If you play Grand Theft Auto you may be closer to understanding this piece than me. So far as I gather, both artists have had to play their way into all the footage which accompanies this film.
Thereâ€™s not a stolen car in sight, mind you. The duo wear suits, rather than gang attire. They walk and run through lonely citycapes, some Romantic with a capital ‘r’, some apocalyptic with a small ‘a’.
Finding Fanon 2 grabs you from the opening set up as avatars for both artists fall to earth from a clear blue sky. They pedal limbs like upturned beetles, pick themselves up again like gods.
If this film were nothing more than a travelogue about virtual cities to be found in the GTA game franchise, it would already have a certain novel, uncanny appeal for non-gamers.
But thereâ€™s much more to it; the quest hereÂ is not to become a crime lord, but to get closer to an understanding of philosopher Frantz Fanon, who advocated armed resistance to power.
As a former resident of Martinique and a member of the Algerian National Liberation Front, Fanon was most interested in fighting back against colonial powers. Britain is no longer one of these.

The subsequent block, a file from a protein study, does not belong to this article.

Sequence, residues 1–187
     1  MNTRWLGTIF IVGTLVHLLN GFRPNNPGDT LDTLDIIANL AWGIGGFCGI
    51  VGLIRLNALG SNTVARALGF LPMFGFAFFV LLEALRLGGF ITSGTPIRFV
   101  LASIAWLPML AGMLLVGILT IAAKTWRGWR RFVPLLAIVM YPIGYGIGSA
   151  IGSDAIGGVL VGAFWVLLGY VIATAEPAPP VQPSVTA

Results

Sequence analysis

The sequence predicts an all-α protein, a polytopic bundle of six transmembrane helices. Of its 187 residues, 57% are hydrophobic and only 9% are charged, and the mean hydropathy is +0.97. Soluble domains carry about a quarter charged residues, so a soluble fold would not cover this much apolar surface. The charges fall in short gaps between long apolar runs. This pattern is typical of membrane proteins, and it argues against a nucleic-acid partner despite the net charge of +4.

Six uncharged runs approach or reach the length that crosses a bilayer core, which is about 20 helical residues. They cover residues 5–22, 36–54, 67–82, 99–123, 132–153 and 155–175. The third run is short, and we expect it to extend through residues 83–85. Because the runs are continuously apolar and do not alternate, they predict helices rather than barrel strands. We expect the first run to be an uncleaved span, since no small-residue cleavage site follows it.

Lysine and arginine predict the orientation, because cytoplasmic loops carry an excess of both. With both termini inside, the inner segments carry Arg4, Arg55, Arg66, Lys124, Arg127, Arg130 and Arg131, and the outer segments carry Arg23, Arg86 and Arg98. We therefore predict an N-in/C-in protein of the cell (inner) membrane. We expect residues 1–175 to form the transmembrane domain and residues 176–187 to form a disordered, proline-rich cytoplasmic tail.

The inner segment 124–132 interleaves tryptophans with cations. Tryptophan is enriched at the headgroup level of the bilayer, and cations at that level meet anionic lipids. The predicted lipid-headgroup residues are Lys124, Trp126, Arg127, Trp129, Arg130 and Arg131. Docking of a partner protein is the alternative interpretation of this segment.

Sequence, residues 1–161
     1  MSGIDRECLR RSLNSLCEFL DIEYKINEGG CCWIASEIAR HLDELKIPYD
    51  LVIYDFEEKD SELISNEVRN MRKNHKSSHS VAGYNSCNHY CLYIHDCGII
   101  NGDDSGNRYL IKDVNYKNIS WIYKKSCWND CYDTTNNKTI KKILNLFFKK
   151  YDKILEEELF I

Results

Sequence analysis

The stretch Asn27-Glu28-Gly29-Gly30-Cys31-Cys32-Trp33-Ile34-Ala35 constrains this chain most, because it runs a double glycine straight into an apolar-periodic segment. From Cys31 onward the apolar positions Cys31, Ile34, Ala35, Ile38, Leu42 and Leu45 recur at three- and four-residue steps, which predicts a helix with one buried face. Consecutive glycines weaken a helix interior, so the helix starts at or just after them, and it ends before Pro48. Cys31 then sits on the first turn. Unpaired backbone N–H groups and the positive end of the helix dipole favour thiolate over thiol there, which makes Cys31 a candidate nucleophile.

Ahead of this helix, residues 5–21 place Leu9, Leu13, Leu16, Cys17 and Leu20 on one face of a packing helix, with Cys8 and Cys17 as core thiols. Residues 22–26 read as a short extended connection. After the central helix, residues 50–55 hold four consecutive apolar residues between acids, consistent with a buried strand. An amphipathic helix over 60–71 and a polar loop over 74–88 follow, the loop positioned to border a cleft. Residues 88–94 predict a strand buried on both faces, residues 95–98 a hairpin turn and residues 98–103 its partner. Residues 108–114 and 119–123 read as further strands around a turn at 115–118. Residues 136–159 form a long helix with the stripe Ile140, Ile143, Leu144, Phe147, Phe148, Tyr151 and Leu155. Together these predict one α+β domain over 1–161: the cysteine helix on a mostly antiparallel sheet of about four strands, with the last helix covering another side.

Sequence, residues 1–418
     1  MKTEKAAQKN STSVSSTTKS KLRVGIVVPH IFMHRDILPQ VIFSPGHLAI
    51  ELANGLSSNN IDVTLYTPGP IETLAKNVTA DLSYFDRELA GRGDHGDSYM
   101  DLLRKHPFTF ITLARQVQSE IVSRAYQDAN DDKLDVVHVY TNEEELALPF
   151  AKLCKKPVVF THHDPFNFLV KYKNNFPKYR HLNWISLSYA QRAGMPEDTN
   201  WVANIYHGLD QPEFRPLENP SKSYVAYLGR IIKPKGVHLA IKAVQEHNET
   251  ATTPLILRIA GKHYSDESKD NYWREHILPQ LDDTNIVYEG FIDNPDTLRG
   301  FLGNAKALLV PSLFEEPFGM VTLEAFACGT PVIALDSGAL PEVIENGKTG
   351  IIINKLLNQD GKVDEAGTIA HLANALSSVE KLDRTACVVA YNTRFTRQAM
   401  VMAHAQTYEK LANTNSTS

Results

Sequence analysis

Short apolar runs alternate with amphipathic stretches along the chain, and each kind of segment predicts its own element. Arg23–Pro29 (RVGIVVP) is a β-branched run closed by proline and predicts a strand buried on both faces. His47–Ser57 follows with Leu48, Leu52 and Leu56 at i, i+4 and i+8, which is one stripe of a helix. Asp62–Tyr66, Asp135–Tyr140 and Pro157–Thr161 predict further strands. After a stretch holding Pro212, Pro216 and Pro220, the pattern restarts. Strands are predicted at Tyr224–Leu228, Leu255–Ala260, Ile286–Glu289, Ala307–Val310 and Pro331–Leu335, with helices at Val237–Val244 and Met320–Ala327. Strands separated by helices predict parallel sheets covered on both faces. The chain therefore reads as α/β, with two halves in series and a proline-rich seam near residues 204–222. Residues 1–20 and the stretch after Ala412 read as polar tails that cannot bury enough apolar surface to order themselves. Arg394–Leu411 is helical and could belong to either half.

So where might Fanon, who died in 1961, be found now? Nigel Farage might have said he would don khaki and pick up a rifle in order to fight for Brexit. But the UK left is using ballots rather than bullets.
The battlefield is the media, both mainstream and social. Dark money and big data are the dangers. So where indeed is Fanon today? He would doubtless be on a terror watchlist.
But the artists remain optimistic. â€œPerhaps heâ€™s waiting here,â€ says the VO, as they stride through the ghost town, â€œbehind the polygons, behind the texture maps, through the fields of algorithmsâ€.
Fanon might be found in one of GTAâ€™s beautiful sunsets. Achiampong and Blandy watch our fiery star sink below the horizon. If the sun has sunk on Fanonâ€™s day, we know it will come again.